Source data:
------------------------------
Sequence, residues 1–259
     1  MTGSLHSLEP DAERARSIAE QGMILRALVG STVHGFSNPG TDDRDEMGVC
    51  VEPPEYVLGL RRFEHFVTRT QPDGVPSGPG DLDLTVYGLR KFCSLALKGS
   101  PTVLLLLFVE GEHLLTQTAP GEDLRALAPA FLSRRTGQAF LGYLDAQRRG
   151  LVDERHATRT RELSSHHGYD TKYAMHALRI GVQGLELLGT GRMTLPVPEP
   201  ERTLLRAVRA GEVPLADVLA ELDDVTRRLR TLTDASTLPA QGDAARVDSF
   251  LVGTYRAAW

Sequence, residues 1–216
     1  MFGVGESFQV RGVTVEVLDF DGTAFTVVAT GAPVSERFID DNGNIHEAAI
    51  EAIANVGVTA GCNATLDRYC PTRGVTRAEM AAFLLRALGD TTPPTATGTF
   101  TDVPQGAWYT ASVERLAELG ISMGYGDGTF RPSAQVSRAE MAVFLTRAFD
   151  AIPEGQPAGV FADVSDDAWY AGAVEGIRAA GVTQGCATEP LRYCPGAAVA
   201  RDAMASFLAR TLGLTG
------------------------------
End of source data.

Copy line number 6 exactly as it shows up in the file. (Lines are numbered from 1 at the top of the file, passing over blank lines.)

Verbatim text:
   201  ERTLLRAVRA GEVPLADVLA ELDDVTRRLR TLTDASTLPA QGDAARVDSF